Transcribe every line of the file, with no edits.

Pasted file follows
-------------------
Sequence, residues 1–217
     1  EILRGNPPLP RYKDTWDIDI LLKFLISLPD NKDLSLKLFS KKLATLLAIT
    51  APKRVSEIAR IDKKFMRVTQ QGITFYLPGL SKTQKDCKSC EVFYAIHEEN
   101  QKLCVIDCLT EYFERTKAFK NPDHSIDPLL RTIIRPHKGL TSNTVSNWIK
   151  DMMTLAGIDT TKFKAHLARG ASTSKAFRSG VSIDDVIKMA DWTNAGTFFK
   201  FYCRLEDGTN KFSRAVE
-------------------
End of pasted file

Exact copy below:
Sequence, residues 1–217
     1  EILRGNPPLP RYKDTWDIDI LLKFLISLPD NKDLSLKLFS KKLATLLAIT
    51  APKRVSEIAR IDKKFMRVTQ QGITFYLPGL SKTQKDCKSC EVFYAIHEEN
   101  QKLCVIDCLT EYFERTKAFK NPDHSIDPLL RTIIRPHKGL TSNTVSNWIK
   151  DMMTLAGIDT TKFKAHLARG ASTSKAFRSG VSIDDVIKMA DWTNAGTFFK
   201  FYCRLEDGTN KFSRAVE